Urgent Gaza ceasefire talks in Egypt finish without results

The talks aimed to achieve a ceasefire in order to avoid a ground invasion in Rafah by Israel.

On Tuesday, negotiations for a Gaza ceasefire involving the U.S., Egypt, Israel and Qatar failed to reach an agreement, as pressure mounted on Israel to refrain from launching an attack on the southern part of the enclave, where more than a million people have been displaced.

The city of Rafah, which had about 300,000 residents before the war, is crowded with homeless people staying in tents and improvised shelters after escaping from Israeli attacks in northern Gaza during the war that has lasted over four months.

Israel claims it wants to clear Rafah of Hamas fighters and rescue Israeli captives held there, and is preparing to evacuate trapped Palestinian civilians. But no plan has been announced and aid agencies say the displaced have no other place to go in the devastated territory. Israeli tanks fired at the eastern area of Rafah overnight, creating waves of fear, residents said.

They said displaced people – dozens so far – had started to leave Rafah after Israeli shelling and air strikes in recent days.

Gaza health officials reported 133 new Palestinian deaths in the last 24 hours, bringing the total to 28,473 killed and 68,146 wounded since Oct. 7, when 1,200 people died in a Hamas incursion into Israel, starting the war. Many other people are thought to be under the debris of collapsed buildings across the densely populated Gaza Strip, much of which is in ruins.

Food, water and other basic supplies are running low and diseases are spreading. About half of Gaza’s 2.3 million people are now in Rafah. “Since Israel said they are invading Rafah soon…, we say our final prayers every night. Every night we say goodbye to each other and to relatives outside Rafah,” said Aya, 30, who is living in a tent with her mother, grandmother and five siblings.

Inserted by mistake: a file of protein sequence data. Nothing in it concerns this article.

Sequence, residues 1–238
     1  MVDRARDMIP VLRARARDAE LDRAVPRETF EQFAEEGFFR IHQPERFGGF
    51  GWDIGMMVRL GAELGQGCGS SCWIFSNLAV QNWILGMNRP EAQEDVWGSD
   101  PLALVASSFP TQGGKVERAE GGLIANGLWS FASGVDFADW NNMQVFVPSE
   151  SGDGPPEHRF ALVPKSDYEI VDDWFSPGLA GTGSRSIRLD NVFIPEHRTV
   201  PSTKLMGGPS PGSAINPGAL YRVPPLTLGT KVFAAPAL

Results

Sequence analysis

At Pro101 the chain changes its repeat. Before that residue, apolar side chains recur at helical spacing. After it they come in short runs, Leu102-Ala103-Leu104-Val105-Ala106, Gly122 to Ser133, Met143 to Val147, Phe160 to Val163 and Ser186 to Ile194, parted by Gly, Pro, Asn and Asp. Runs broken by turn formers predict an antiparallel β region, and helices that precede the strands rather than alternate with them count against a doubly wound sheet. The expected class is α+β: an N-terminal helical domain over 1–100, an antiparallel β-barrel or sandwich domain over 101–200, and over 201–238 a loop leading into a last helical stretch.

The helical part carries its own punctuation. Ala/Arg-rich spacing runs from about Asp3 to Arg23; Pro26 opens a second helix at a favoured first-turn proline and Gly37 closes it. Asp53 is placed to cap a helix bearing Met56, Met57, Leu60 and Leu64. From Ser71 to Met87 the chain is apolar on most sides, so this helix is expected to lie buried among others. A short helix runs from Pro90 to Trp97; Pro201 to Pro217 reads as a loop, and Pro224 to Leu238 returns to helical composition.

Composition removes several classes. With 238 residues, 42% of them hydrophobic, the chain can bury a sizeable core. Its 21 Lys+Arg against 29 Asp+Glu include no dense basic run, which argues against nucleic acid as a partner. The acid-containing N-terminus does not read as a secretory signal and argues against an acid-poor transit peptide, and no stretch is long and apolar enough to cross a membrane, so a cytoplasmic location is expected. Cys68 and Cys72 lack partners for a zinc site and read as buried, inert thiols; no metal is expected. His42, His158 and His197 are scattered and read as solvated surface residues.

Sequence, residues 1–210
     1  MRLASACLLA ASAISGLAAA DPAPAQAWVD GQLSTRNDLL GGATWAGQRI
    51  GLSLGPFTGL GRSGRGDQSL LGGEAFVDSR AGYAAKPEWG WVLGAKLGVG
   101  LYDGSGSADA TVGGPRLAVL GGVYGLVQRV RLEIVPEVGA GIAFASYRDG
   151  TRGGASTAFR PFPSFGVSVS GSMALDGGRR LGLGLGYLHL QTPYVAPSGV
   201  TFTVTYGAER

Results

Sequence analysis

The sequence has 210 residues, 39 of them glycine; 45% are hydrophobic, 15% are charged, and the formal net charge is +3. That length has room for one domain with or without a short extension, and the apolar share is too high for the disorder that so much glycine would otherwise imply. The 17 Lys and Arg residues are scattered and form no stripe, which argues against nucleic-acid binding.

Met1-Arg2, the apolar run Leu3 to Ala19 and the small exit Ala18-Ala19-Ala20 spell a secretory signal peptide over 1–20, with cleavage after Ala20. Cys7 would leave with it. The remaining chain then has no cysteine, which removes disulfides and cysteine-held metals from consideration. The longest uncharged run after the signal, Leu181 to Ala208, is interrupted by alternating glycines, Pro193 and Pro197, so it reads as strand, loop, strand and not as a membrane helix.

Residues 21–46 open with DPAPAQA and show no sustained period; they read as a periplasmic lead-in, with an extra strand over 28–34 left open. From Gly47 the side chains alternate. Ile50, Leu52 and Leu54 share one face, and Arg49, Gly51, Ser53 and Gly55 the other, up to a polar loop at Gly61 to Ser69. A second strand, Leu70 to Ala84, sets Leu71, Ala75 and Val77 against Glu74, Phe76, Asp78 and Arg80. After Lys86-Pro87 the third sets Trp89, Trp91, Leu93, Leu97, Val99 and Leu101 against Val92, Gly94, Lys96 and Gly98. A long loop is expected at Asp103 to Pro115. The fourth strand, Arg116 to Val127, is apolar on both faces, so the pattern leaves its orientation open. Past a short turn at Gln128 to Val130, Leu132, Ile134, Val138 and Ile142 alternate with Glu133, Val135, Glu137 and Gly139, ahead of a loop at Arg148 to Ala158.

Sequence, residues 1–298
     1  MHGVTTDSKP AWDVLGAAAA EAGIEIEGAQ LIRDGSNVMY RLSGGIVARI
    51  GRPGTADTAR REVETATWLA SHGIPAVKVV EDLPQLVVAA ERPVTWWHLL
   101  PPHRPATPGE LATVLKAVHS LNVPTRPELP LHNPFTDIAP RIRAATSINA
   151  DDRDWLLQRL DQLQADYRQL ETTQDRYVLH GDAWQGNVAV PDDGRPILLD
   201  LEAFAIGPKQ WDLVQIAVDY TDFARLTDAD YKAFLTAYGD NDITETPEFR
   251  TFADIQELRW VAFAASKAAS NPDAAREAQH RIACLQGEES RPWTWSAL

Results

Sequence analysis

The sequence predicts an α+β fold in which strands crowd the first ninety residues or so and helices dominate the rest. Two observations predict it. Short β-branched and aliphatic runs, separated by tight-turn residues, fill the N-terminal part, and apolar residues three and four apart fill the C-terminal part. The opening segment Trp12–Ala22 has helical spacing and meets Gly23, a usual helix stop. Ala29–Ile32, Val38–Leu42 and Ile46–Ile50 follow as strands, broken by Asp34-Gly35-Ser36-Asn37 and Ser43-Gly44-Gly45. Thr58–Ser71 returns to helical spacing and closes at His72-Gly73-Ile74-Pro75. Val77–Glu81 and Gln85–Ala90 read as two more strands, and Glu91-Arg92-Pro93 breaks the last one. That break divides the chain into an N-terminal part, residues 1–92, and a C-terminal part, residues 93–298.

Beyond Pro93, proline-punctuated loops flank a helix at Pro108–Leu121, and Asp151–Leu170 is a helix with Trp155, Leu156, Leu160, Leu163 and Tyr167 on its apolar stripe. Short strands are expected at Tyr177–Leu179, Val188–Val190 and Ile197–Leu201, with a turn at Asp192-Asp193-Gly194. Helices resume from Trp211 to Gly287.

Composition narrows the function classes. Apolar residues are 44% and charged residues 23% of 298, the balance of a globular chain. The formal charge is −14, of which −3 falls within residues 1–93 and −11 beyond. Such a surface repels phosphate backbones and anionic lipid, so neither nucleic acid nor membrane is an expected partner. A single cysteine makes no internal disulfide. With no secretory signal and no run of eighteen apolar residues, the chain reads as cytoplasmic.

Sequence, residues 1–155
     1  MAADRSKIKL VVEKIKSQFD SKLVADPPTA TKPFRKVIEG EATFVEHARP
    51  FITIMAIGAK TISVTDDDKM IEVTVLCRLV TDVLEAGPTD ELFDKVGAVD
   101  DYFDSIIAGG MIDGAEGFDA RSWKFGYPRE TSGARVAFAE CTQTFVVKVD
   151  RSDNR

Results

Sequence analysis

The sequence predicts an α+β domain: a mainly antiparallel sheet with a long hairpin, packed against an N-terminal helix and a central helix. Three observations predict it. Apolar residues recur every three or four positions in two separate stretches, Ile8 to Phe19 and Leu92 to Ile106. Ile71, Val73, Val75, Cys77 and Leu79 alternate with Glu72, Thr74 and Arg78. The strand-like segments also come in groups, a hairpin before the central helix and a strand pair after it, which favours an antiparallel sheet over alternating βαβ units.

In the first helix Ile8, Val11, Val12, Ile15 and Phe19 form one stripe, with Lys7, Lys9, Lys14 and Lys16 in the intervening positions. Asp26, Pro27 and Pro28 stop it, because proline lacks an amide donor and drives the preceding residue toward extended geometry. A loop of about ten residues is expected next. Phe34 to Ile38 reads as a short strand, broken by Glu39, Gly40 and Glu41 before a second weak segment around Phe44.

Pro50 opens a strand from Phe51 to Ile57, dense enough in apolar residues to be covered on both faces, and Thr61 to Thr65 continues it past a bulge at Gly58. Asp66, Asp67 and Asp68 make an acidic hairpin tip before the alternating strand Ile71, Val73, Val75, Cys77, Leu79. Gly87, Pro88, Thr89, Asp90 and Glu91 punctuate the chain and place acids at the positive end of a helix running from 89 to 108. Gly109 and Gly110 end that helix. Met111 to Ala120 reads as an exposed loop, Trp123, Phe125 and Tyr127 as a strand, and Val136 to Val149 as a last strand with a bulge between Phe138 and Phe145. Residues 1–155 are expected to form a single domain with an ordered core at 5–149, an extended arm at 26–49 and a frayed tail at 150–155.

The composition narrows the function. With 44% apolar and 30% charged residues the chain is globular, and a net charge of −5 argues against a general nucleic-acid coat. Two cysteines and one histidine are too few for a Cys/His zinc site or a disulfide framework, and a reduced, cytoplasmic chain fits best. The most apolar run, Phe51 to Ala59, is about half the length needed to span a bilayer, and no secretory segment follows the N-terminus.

In Cairo, Egyptian President Abdel Fattah al-Sisi held talks with CIA Director William Burns and Qatari Prime Minister Sheikh Mohammed bin Abdulrahman bin Jassim Al-Thani aimed at reaching a Gaza ceasefire, protecting civilians and bringing more aid into the enclave, Egypt’s state information service said.

In a statement on its website, it mentioned a “desire to keep consulting and coordinating” on the main issues, indicating that no progress was made. The Egyptian statement did not refer to Israel.

The Israeli delegation had departed Cairo for home, a Reuters reporter said. The Israeli prime minister’s office did not respond to a request for comment right away. Israel has sworn to continue fighting, for as long as it takes, until it eliminates Hamas.

A Palestinian official said earlier the sides were looking for a solution acceptable to Hamas, which “says it can only agree to a deal if it is based on an Israeli promise to end its war and withdraw its forces from Gaza”.

A Hamas official said Hamas had told the participants it does not believe Israel will not resume the war if the Israeli captives held by Palestinian militants are freed. The captives were taken in Hamas’ attack into southern Israel on Oct. 7. Getting them back is a priority for Prime Minister Benjamin Netanyahu’s government as well as destroying Hamas, which rules the small coastal territory.

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